To be blunt, most people are not very smart or prone to deep thinking. They look at a helmet and if it is helmet shaped they think "Helmet! Safe!" Rather like a child painting stripes on a soapbox racer thinks they will make it go faster. But real engineering isn't like this: it's full of trade-offs and complexities, and if you get a safety model wrong - which was probably the case with cycling helmets - you may do more harm than good. Helmets are designed around linear impact, but they should be design around rotation - and engineering to reduce linear impact may well make rotation worse.

Last edited by meanwhile; 08-14-14 at 08:23 AM.
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Old 08-14-14, 08:28 AM
  #8471  
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Originally Posted by howsteepisit View Post
Once again, rydabent presents opinion as fact, and further ridicules those who would try to determine facts from opinion with rigor. A fine example of cold logic.
I'll not comment on his alleged inclinations but there's not much wrong with the opinion he expressed here.

For example, and this was selected almost randomly from a simple Google search.
Effectiveness of Bicycle Safety Helmets in Preventing Head Injuries

"Main Results.—There were 3390 injured bicyclists in the study; 29% of cases and 56% of controls were helmeted. Risk of head injury in helmeted vs unhelmeted cyclists adjusted for age and motor vehicle involvement indicate a protective effect of 69% to 74% for helmets for 3 different categories of head injury: any head injury (odds ratio [OR], 0.31; 95% confidence interval [CI], 0.26-0.37), brain injury (OR, 0.35; 95% CI, 0.25-0.48), or severe brain injury (OR, 0.26; 95% CI, 0.14-0,48). "

This is not an unusual result for this type of study. If I were to take issue with Ryadabent here it would be because "There was no effect modification by age or motor vehicle involvement (P=.7 and P=.3)." which would does not exclude the possibility that helmets can have some effectiveness even in collisions with higher speed vehicles.

To further illustrate the latter possibility, Accident Analysis & PreventionVolume 19, Issue 3, June 1987, Pages 183–190 concluded "a statistically significant association between helmet use and reduced severity of head injury. The association persisted after adjustment for age and sex of rider, and severity of crash forces. "

Again and again, this has been presented so often that we're flogging a dead horse. Injury patterns in cyclists attending an accident and emergency department: a comparison of helmet wearers and non-wearers "Results - There were no significant differences between the two groups with respect to type of accident or nature and distribution of injuries other than those to the head. Head injury was sustained by 4/114 (4%) of helmet wearers compared with 100/928 (11%) of non-wearers (P=0.023). ...Conclusion: The findings suggest an increased risk of sustaining head injury in a bicycle accident when a motor vehicle is involved and confirm protective effect of helmet wearing for any bicycle accident."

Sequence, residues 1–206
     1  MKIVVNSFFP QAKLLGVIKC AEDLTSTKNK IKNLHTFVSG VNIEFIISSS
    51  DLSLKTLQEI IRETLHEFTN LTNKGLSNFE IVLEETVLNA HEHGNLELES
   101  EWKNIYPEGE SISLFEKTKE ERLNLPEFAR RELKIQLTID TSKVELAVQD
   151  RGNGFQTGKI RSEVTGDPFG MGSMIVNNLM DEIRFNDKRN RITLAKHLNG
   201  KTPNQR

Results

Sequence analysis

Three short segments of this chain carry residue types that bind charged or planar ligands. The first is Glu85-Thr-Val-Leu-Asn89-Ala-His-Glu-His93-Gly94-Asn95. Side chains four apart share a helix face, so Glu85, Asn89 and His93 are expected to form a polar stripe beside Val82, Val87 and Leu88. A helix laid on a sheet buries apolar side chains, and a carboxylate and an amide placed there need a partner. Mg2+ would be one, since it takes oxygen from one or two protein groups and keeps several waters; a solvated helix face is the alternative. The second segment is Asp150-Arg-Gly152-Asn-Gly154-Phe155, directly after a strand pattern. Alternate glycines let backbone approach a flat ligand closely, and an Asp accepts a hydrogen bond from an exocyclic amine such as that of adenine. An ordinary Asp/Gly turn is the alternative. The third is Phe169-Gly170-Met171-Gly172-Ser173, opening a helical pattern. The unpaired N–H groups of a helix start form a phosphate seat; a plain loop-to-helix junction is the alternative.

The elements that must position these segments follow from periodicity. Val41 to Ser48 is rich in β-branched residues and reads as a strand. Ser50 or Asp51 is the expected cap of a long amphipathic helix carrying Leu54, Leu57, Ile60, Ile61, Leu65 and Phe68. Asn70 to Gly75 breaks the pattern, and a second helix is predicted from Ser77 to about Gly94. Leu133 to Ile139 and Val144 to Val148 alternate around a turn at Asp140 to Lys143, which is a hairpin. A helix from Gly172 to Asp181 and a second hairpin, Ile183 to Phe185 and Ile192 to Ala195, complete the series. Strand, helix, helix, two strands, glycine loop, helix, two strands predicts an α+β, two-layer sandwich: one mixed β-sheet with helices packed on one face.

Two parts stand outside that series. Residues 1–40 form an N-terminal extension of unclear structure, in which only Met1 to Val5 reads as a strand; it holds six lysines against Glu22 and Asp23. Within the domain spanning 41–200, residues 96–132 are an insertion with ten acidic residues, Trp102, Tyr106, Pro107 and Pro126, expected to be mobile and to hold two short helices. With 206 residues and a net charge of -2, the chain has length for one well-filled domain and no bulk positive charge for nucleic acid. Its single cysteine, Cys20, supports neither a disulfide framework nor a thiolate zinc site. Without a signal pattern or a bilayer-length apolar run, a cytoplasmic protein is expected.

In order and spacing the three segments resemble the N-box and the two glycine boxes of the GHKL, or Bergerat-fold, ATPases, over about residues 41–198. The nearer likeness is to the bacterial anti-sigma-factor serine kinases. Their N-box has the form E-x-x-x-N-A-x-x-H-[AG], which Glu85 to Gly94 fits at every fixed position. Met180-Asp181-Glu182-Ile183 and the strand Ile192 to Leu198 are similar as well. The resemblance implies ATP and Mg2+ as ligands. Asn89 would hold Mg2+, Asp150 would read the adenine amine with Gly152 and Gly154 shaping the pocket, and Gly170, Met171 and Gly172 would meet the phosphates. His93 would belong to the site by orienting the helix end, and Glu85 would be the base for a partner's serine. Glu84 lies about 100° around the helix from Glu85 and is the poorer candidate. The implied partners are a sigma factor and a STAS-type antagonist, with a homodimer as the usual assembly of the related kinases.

Last edited by wphamilton; 08-14-14 at 08:39 AM.
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Old 08-14-14, 08:56 AM
  #8472  
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Originally Posted by wphamilton View Post
I'll not comment on his alleged inclinations but there's not much wrong with the opinion he expressed here.

For example, and this was selected almost randomly from a simple Google search.
Effectiveness of Bicycle Safety Helmets in Preventing Head Injuries

..Emphasis on **simple**: this is the same group of researchers who cheated to produce the 85% figure for the helmet company! And the methodology is exactly the same and so stupid that even a child shouldn't be fooled. They took two completely unalike groups and blamed the difference on helmets. Which, honestly, is stupid - people who bike salmon and ride drunk don't wear helmets but are about ten times as likely to be be injured. You can only meaningfully compare alike groups. Which is why the only meaningful studies are the ones using figures from countries introducing helmet laws.


...And this isn't even subtly bad science - it's a basic gross breach of methodology.

As was this:


To further illustrate the latter possibility, Accident Analysis & PreventionVolume 19, Issue 3, June 1987, Pages 183–190 concluded "a statistically significant association between helmet use and reduced severity of head injury